Dining with Churchill

Westminster College President Barney Forsythe, Churchill author Cita Stelzer and National Churchill Museum Executive Director Rob Havers sit down to the same meal Winston Churchill was served at the college before giving his famous Sinews of Peace speech. Photo by Dean Asher of The Fulton Sun.

Westminster College President Barney Forsythe, Churchill author Cita Stelzer and National Churchill Museum Executive Director Rob Havers sit down to the same meal Winston Churchill was served at the college before giving his famous Sinews of Peace speech. Photo by Dean Asher of The Fulton Sun.

“It has become fashionable to honor (Winston) Churchill at commemorative events by duplicating the meals he was served.”  ~ “Dinner with Churchill, Policy-Making at the Dinner Table,” by Cita Stelzer

I recently experienced a Churchillian meal when I joined author Cita Stelzer, and a small group of others, for a lunch that duplicated the meal served to Winston Churchill when he delivered a speech at Westminster College in Fulton.

Churchill delivered the Sinews of Peace speech as a part of the John Findley Green lecture series. President Harry Truman, Missouri’s native son, also was present that day in 1946 when Churchill first stated that “an iron curtain has descended across the Continent.” That phrase remains in our vocabulary more than 50 years later.

Westminster is home to the National Churchill Museum, which is housed below the Church of St. Mary the Virgin, Aldermanbury. This 17th century London church, severely damaged during World War II, was moved to Fulton in the 1960s and restored brick by brick to the architect’s original specifications.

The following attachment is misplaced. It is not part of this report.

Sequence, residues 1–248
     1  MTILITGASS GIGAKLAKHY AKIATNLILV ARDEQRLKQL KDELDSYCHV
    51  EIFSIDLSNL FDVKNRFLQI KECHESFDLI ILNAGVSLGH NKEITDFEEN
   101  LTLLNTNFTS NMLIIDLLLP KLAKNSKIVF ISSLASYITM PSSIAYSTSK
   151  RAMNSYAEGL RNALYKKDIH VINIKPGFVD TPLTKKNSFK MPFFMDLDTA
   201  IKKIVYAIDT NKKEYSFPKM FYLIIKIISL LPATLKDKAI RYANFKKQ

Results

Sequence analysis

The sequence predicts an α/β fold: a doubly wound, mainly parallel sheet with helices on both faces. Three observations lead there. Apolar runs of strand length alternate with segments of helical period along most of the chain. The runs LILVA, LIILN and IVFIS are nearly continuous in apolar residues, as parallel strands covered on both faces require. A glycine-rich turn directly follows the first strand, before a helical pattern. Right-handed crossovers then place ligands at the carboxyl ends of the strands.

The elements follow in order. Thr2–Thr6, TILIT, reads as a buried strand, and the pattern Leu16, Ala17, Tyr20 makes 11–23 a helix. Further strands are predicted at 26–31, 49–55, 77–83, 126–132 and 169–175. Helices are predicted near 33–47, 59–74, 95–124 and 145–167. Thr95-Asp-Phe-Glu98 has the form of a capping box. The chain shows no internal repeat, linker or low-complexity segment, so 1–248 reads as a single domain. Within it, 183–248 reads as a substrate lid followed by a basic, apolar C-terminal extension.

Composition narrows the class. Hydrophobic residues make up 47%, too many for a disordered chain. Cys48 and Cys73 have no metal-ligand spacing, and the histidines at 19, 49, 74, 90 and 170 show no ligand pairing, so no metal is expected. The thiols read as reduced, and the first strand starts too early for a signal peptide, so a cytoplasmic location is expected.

Stelzer has written a book about Churchill’s dinner-table diplomacy and has combed many archives to describe the meals at dinners where Sir Winston used “good food, excellent champagne and Havana cigars” to engage with others and cajole them to his point of view.  She was on campus at Westminster earlier this week for a book signing, and the school re-created the meal served to Churchill.

Like Sir Winston, we dined on Callaway ham (Fulton is in Callaway County), fried chicken, mashed potatoes and gravy, buttered corn and rolls. Angel food cake with strawberry topping followed as dessert. The records indicate the meal was served “family style.” Sir Winston was quite pleased with this meal, particularly the ham.

This amazing experience allowed me to sit with Stelzer and her husband, Irving; Westminster’s president Dr. Barney Forsythe and his wife, Jane; Dr. Rob Havers, executive director of the museum; and a few others to discuss Churchill lore. During the meal, we quizzed Stelzer on any and everything Churchill related, and she told of the wealth of stories she’d uncovered.

The college, the museum and library comprise a true gem, smack dab in the middle of Missouri. The campus has hosted many other players on the global stage, including former Soviet Premier Mikhail Gorbachev; former British Prime Minister Margaret Thatcher; former president of Poland and Nobel Peace Prize Winner Lech Walesa; and former U.S. presidents Truman and Ronald Reagan.

I also learned Westminster continues to be a player on the global stage, hosting an annual symposium that brings renowned experts in a chosen field to campus for two days. Themes have included global health, democracy, sustainability and religion.

I love history, so this was a true treat. While they don’t regularly serve the Iron Curtain speech lunch, I highly recommend you visit the campus and the museum. It’s so worth it.

Learn more at the National Churchill Museum’s website.